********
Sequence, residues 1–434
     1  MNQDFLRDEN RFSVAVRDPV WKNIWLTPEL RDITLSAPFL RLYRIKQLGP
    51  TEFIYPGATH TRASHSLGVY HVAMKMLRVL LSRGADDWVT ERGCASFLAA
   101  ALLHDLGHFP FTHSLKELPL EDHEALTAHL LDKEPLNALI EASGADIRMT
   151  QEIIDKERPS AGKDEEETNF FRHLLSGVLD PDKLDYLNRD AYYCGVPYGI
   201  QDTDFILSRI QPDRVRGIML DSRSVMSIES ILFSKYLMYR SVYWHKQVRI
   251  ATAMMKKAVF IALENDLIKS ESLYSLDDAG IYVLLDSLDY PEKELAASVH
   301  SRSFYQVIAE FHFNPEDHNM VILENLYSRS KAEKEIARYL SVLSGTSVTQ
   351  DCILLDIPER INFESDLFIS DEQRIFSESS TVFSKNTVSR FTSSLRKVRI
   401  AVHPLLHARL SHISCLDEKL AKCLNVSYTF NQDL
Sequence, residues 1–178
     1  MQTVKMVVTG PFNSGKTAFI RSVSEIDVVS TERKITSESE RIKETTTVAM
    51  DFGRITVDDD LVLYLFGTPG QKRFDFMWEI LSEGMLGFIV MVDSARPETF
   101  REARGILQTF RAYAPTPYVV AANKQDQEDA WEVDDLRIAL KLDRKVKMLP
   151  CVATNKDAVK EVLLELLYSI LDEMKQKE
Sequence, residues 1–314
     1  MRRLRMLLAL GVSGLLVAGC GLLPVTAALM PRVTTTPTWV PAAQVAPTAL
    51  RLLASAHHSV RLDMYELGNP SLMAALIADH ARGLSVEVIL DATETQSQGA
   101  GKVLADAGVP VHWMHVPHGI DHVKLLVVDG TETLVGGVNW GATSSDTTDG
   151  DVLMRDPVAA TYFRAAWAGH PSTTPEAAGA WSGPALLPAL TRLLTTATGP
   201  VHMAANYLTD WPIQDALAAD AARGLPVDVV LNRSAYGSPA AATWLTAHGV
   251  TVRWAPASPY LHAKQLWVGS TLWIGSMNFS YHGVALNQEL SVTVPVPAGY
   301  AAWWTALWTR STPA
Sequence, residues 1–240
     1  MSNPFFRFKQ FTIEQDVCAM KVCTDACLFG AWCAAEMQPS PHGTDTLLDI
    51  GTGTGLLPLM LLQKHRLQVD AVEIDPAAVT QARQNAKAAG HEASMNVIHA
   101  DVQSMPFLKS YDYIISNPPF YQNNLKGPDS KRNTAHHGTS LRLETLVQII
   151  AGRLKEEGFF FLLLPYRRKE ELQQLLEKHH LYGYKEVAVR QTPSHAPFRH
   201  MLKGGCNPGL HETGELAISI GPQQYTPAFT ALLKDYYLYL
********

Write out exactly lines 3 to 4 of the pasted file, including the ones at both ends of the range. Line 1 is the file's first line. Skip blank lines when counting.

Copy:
    51  TEFIYPGATH TRASHSLGVY HVAMKMLRVL LSRGADDWVT ERGCASFLAA
   101  ALLHDLGHFP FTHSLKELPL EDHEALTAHL LDKEPLNALI EASGADIRMT